Swimming & Boating

“Land was created to provide a place for boats to visit.”
- Brooks Atkinson, N.Y. Times Theater Critic 1894-1984

Lakes and rivers that offer boating are plentiful throughout the Flathead Watershed. Sailboats, canoes, kayaks, rafts, paddleboats, rowboats, pontoon boats, wind surfers, and motorboats all have a place in the watershed. Some of the quieter lakes are perfect for hand powered watercrafts, while the larger lakes have facilities for motorized watercrafts. West Glacier is considered the state of Montana’s whitewater rafting capital, with 219 miles (352 km) of river including stretches where the movie “The River Wild” was filmed. Businesses throughout the area offer watercraft rentals and guided expeditions. From relaxing cruises on Flathead Lake and Whitefish Lake, to paddling class III-IV rapids on the Flathead River, there is summer fun in the water for everyone. Important boating laws and regulations for Flathead Watershed waterways are available from Montana, Fish, Wildlife and Parks.

Figure 4.21: Swimmer on Cedar Lake. Source: Walt Curtis

There are several swimming holes in the Flathead Watershed including Sprague Creek in Glacier National Park; Whitefish Lake State Park, City Beach, and Les Mason Park on Whitefish Lake; Foys Lake; and Swan Lake. Flathead Lake State Park maintains six parks around Flathead Lake, some of which have excellent swimming in summer.

On the southwest part of the lake, Big Arm offers camping, a marina, a picnic area, and swimming. Near the south end of the lake, Finley Point is tucked into a conifer forest with camping, boat docks, and swimming. Wayfarers, near the city of Bigfork, has a long rocky beach, camping, a picnic area, a boat launch, and great access to trails. Yellow Bay—where the lake is the deepest—has a picnic area, camping, swimming, and boat launches. It is a popular water-ski area and home of the Cherry Blossom Festival. West Shore is located in a mature fir, pine, and larch forest with picnic areas, fire rings, and interpretive displays.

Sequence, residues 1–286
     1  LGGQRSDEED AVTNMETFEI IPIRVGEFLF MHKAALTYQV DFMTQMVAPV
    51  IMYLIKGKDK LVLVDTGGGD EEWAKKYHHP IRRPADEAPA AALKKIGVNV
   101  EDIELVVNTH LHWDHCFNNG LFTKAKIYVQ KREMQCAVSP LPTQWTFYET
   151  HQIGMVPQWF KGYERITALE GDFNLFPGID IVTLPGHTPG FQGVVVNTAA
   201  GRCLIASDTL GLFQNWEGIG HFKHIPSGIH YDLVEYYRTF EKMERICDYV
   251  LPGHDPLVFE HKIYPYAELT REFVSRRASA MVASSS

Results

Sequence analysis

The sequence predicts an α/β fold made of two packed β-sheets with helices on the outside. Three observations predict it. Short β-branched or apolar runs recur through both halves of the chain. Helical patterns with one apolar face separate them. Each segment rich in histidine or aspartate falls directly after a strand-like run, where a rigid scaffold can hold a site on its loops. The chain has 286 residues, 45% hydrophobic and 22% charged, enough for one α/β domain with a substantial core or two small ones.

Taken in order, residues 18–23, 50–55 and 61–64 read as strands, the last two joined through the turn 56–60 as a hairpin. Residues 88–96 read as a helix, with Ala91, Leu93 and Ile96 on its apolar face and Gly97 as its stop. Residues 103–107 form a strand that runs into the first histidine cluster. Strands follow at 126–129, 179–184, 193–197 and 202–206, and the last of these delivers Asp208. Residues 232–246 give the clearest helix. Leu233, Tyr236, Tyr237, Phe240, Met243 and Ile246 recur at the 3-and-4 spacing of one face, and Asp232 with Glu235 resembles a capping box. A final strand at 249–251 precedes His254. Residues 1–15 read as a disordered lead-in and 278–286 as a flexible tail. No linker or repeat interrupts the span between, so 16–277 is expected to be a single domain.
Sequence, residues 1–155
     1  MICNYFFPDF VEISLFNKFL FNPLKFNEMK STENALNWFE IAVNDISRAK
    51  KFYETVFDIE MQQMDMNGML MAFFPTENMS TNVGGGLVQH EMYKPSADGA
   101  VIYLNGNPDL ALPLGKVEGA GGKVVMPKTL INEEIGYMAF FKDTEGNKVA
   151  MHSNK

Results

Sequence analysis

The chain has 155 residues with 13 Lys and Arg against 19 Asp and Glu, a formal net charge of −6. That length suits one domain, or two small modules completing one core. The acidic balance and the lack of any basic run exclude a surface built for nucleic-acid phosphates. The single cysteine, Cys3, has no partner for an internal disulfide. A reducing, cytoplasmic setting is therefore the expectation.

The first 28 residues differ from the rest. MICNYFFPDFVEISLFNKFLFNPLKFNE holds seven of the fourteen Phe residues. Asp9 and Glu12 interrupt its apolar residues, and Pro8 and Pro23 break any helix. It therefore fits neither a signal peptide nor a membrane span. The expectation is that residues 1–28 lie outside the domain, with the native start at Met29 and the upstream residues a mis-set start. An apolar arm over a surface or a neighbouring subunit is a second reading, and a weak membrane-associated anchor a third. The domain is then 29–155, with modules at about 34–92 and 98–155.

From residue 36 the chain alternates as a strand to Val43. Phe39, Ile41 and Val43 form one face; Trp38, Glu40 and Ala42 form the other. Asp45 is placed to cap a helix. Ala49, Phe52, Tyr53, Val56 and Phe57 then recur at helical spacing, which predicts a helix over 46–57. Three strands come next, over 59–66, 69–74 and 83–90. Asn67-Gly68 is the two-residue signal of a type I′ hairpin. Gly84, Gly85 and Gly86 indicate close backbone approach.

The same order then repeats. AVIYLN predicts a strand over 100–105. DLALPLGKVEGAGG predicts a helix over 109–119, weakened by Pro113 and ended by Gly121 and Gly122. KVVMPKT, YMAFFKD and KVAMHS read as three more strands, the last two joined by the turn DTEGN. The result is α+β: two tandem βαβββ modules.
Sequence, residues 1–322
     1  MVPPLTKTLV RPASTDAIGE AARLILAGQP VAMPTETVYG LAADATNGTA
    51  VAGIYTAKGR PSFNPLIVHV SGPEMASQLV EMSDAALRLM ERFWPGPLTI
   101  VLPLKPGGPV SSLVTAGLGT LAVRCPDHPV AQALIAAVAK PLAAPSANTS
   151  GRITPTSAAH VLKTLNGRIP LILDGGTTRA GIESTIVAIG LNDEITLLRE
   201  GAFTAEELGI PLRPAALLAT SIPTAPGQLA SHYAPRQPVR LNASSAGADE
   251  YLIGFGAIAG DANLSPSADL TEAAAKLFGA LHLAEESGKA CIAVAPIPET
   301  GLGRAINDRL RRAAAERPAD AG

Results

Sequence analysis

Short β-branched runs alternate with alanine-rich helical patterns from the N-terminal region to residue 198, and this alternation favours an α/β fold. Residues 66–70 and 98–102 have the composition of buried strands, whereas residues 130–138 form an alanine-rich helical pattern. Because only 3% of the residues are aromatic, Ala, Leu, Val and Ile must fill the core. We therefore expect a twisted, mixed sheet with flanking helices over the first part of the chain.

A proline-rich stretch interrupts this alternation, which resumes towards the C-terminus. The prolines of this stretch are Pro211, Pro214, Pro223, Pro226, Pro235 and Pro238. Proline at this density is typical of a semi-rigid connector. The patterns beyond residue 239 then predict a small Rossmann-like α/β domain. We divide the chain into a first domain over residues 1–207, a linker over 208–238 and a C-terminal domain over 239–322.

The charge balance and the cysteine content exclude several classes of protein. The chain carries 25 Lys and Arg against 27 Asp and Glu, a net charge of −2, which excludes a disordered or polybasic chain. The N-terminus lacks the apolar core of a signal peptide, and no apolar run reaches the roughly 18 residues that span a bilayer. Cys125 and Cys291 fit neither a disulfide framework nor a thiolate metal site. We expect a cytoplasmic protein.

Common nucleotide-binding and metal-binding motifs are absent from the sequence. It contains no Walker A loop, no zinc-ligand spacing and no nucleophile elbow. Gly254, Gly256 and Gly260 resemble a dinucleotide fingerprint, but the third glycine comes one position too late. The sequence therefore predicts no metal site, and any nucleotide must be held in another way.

(click to enlarge) 

Wildhorse Island is one of the largest islands in North America at 2163 acres (875 hectares). Home to many species of wildlife, the island is preserved as a primitive state park. Access is by boat only and for day use only. Numerous smaller lakes are frequented by folks looking for a place to cool off in the summer.

Figure 4.22: Flathead Lake Marine Trail. Source: Montana State Parks

“The man who is swimming against the stream knows the strength of it.”
- Woodrow T. Wilson

Practice responsible boating! Before and after every trip, wash your gear, watercraft and support vehicle to reduce the spread of invasive species. Remove all plant material from watercraft, motor, trailer and other gear and dispose of it on dry land in a garbage container. Drain livewells, bilge water, and transom wells at the boat launch prior to leaving.

For information on boating, floating, and kayaking in the Flathead Watershed:
Montana Fish, Wildlife & Parks

Confederated Salish & Kootenai Tribes
Fish, Wildlife, Recreation, and Conservation Division

For boating regulations: http://fwp.mt.gov/recreation/regulations/boating/boatRules.html
For personal watercraft information: http://fwpiis.mt.gov/content/getItem.aspx?id=33074

For boating resources, visit the Flathead Lakers:

Tread Lightly! Tips for Motorized Boating: http://www.treadlightly.org/page.php/responsible-waterrec

For more information, send email to info@flatheadwatershed.org or info@flatheadcore.org.
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